When I began searching for an internship last fall, I was not sure exactly what I was looking for. I started with the typical ideas of a position within a banking or accounting firm. I always had an interest in numbers and finance, but after talking to people in the industry and attending countless forums, I realized it was not for me. The idea of manipulating spreadsheets for hours on end simply did not appeal to me like I hoped it would have. (Well, okay... to be honest, I never really hoped that spreadsheets would appeal to me.) After hearing stories from speakers at forums and classmates pursuing these careers, it became clear that I would not be happy in such an environment. So I went back to the drawing board, starting with my biggest passion--travel. The moment I discovered the internship program offered by Unión MicroFinanza, something clicked. I began having conversations with Daniel, UMF’s internship coordinator, about the program, the organization, and what it all entailed. It quickly became apparent that I had finally found an internship opportunity that fit.
I have been in Honduras for two weeks now, and to say my excitement has grown since I arrived would be an understatement and for good reason--my work with UMF is already in full swing, and words do not justify how much I am learning every day. Besides everything I have learned about microfinance, agriculture, and the people of La Unión, I’ve gained an incredible insight into the nuances of international business and how world markets affect small communities like La Unión.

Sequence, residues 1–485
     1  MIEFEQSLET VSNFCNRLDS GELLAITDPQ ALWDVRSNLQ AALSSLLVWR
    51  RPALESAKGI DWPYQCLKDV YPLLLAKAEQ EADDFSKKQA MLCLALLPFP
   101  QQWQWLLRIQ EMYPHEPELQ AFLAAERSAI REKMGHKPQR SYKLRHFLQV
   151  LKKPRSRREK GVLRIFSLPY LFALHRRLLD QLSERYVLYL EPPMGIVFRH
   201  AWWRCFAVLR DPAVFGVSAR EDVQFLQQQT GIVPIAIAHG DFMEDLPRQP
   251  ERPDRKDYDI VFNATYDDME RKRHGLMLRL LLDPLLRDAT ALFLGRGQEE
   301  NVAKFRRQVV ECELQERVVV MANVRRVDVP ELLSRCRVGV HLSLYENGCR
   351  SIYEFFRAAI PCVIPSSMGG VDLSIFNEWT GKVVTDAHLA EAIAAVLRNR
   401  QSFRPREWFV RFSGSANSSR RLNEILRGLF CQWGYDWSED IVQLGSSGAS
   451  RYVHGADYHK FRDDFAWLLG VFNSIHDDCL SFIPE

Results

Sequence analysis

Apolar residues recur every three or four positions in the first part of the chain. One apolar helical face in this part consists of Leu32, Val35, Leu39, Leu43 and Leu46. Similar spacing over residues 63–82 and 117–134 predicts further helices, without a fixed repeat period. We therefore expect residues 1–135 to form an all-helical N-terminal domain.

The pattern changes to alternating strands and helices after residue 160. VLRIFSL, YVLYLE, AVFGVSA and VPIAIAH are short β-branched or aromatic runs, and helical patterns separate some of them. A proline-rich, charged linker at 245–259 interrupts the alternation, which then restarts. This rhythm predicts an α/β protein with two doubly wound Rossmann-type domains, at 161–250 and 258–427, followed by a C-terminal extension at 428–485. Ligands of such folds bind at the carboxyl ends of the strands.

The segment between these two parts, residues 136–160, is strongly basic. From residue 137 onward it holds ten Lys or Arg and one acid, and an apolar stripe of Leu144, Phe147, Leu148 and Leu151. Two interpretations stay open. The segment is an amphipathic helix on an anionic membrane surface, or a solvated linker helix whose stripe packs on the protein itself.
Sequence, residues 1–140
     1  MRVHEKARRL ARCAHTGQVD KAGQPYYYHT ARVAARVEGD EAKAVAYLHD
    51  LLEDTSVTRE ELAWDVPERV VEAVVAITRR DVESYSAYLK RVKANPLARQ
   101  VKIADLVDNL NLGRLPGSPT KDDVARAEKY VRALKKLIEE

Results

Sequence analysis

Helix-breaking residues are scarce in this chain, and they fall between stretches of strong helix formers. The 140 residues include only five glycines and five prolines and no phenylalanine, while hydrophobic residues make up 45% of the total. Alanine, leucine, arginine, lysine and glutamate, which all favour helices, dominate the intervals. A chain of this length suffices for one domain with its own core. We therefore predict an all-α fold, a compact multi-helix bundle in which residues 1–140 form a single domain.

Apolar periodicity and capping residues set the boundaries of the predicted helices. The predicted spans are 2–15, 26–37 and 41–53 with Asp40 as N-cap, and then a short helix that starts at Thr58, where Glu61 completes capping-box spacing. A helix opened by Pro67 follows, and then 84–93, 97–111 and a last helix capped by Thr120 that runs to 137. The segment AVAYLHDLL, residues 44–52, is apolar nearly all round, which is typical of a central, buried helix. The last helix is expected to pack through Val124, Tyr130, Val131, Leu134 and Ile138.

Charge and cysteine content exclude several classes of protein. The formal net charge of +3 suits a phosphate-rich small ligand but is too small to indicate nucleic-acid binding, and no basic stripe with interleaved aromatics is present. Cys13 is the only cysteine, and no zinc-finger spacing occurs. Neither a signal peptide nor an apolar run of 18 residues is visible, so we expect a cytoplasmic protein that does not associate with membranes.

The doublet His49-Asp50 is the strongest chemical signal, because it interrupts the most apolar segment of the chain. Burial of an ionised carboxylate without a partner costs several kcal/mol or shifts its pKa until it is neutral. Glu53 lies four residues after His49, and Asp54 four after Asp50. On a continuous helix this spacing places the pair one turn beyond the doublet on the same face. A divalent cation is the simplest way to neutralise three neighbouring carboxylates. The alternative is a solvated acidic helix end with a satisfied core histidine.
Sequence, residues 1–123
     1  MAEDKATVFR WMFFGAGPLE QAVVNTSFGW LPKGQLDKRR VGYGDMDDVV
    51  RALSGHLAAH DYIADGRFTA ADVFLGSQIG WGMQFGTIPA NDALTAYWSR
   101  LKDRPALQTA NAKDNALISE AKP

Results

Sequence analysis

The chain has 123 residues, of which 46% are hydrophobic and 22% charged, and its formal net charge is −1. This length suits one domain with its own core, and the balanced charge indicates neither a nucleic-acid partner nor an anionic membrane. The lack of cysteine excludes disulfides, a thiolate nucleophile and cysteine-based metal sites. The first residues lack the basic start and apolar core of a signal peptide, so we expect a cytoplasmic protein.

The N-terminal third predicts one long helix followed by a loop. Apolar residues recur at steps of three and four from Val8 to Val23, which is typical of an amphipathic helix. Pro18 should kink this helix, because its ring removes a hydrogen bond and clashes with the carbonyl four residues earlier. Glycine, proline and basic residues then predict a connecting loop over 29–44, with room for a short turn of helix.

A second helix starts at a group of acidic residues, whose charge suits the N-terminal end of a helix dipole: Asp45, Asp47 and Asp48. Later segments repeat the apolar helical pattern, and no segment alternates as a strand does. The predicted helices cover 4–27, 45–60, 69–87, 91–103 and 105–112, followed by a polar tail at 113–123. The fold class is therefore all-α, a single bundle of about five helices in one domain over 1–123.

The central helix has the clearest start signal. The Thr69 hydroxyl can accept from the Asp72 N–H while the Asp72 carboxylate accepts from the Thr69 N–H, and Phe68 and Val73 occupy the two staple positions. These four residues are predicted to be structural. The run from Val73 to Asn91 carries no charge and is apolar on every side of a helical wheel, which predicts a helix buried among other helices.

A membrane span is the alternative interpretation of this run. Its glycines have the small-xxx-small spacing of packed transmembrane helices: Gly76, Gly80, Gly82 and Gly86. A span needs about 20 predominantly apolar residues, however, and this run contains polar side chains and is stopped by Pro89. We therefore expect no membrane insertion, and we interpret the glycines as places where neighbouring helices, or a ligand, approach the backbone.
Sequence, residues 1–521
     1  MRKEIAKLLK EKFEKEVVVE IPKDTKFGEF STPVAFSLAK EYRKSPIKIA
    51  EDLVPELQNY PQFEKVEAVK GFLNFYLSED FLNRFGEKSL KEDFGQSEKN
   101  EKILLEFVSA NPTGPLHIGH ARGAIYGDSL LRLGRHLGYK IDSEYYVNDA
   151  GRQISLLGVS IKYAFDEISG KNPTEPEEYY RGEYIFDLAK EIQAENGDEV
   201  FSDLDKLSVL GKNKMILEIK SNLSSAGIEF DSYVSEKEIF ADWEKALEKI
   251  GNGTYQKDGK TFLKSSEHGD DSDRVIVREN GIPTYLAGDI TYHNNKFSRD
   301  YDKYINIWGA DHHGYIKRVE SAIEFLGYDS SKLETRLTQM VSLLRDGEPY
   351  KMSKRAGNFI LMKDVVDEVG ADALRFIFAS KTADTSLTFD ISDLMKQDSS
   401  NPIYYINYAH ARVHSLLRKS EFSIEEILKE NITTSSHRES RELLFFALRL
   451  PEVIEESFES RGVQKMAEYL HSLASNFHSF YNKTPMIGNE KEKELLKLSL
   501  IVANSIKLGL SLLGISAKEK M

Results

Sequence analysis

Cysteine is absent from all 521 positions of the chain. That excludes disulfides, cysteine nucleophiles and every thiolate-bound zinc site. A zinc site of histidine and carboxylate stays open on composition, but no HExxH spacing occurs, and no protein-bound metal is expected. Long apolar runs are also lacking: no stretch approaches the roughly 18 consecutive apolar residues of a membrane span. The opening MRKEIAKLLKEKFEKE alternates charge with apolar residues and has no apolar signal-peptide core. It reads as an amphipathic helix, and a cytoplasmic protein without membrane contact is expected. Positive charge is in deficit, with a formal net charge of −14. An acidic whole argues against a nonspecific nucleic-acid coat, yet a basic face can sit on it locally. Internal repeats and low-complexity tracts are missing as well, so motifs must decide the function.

The crew at Unión MicroFinanza wasted no time getting me involved. On my third day after arrival, I went on a day trip with Michael De Wit, UMF's Director of Honduran Operations, to the UMF coffee exporter in the city of Santa Rosa. We began by weighing the coffee to be sold, then loaded tons--literally 20 tons of coffee!-- into the trucks and hauled the coffee off to be sorted. Of course, this is a third-world nation, and not everything goes according to plan—which is a critical lesson to learn here. After one of the trucks broke down, I realized this was no longer going to be a simple day trip. With plenty of time to kill as I waited for Michael to return with the other truck, I went off and met a few locals who were ecstatic to meet me and hear about the objectives set out by Unión MicroFinanza. Just another reason the culture is so appealing to me. We eventually completed our mission and made it back to La Unión around dinnertime the next day. All in all, it was quite the voyage.
As exciting as this whole venture was, it is only a small portion of the process. Of course, exporting the coffee for sales in the States is a critical step, but there is so much more to it. This last weekend tied it all together. From processing loan approvals to receiving truckloads of fertilizer to finally distributing the loans to all of the producers, the process came full circle and I now understand what UMF does and how the people of Honduras are actually benefiting from the services provided—and what I am doing to help.
With ten more weeks to go, undoubtedly there will be many more adventures to come, people to meet, and stimulating work to carry out. With everything that I’m learning and all the friendships that I am forming, I am sure I will look back on this internship one day and be sad it ever ended. Yet I am equally sure that I will be proud of the goals and accomplishments I realized.
By Josh Hall
-Josh is a student at UC Berkley-